Diabetes in PregnancyOnce the diagnosis of gestational diabetes (GDM) has been made, it is time to commence glucose monitoring. The aim is to maintain fairly tight control of your blood sugar levels ( a Blood Sugar Level between 3.5 - 7.5).
Initially, you will check your blood sugar level just before each main meal (lowest level) and 2 hours after each main meal (peak level). You will also commence a diabetic diet which is organised through a dietician (nutritionist).
- If your sugars are well controlled by diet alone, there is no increased risk to the baby, above that of a normal pregnancy. YOU ARE NORMAL.
- If your sugars are not well controlled, then you will need to see an Endocrinologist and commence Insulin injections. The need for Insulin indicates that your diabetes is significant and there are some increased risks to you and the baby. Some of these risks are dealt with by a planned delivery, earlier than your due date. There is therefore a higher chance you will need an induction of labour or caesarean section (emergency or elective).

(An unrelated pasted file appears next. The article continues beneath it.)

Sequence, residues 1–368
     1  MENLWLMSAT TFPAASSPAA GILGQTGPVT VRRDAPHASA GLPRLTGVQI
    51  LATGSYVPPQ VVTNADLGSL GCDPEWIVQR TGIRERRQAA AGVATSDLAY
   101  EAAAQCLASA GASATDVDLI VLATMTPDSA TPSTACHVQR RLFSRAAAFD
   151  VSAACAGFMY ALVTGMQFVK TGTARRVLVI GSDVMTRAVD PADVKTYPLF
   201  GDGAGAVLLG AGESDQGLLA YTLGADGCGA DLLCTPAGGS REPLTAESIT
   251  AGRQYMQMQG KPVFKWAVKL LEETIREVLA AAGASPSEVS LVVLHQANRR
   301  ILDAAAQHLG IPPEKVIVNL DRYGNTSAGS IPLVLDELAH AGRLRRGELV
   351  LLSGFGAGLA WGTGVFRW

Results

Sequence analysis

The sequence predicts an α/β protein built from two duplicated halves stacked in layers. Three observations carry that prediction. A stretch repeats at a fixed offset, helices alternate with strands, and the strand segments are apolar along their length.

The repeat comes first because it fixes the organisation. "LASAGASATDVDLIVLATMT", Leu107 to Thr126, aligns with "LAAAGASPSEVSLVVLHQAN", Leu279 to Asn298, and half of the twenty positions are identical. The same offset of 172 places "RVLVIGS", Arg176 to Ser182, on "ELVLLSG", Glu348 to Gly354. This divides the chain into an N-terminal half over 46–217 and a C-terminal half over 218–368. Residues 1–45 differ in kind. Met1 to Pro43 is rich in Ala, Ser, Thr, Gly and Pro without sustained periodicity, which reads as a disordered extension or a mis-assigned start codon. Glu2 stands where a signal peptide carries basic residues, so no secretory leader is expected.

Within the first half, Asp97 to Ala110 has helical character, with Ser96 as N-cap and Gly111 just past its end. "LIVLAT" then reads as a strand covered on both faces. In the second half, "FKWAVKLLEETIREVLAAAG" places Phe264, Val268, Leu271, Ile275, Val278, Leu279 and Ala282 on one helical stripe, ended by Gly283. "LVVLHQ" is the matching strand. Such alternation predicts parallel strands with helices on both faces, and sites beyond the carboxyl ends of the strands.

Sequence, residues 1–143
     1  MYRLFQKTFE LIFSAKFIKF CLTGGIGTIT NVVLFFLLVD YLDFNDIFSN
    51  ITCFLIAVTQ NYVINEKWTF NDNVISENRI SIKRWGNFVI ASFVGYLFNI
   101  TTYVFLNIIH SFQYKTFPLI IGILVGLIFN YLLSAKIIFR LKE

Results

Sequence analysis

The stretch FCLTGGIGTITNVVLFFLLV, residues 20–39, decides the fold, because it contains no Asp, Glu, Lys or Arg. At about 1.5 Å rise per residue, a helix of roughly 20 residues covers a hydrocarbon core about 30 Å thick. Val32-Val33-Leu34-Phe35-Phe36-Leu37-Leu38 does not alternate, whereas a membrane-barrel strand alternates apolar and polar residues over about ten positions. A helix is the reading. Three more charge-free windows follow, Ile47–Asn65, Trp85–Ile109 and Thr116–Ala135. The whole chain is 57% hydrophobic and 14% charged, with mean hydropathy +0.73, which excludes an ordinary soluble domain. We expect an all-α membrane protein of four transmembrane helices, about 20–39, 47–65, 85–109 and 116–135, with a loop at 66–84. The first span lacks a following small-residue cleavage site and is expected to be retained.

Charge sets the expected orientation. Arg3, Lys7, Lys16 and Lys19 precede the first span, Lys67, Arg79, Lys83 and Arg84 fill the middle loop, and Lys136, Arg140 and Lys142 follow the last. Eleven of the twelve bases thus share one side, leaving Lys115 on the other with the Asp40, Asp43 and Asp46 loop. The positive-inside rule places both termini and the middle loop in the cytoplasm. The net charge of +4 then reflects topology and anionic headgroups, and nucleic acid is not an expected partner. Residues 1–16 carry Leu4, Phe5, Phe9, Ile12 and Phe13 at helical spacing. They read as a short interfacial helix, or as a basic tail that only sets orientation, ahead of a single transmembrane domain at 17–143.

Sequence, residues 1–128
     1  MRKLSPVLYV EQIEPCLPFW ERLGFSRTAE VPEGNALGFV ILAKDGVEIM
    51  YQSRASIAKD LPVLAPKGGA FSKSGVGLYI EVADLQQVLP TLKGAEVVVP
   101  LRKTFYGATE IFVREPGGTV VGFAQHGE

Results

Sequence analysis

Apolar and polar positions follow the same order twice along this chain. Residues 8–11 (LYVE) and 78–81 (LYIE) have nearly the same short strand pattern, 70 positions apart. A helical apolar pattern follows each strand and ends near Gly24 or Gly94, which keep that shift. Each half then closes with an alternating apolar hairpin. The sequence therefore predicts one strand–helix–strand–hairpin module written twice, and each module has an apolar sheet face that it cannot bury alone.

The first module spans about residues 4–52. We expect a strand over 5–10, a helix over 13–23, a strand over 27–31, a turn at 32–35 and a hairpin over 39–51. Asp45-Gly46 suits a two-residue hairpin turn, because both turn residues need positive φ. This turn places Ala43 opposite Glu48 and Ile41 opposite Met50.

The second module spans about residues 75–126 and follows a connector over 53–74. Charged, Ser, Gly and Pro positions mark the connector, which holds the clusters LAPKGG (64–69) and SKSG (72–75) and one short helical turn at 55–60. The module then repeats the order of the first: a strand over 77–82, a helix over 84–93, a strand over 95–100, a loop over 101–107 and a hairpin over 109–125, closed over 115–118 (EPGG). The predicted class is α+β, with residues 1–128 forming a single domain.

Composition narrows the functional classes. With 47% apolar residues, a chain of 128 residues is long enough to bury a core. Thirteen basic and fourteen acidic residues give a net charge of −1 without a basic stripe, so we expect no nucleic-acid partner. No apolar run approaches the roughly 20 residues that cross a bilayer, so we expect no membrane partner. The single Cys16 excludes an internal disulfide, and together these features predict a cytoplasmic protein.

Some of the potential problems which can occur in the mother are:
- Polyhydramnios, extra fluid around the baby. This can lead to premature breaking of the waters and premature labour.
- Difficult delivery of a large baby.
- Increased risk of diabetes later in life.
- Macrosomia, a big fat baby with broad shoulders.
- Difficult delivery, the shoulders can get stuck. This is an emergency.
- Jaundice after delivery.
- Low blood sugar levels in the baby after delivery, requiring intravenous glucose solution.
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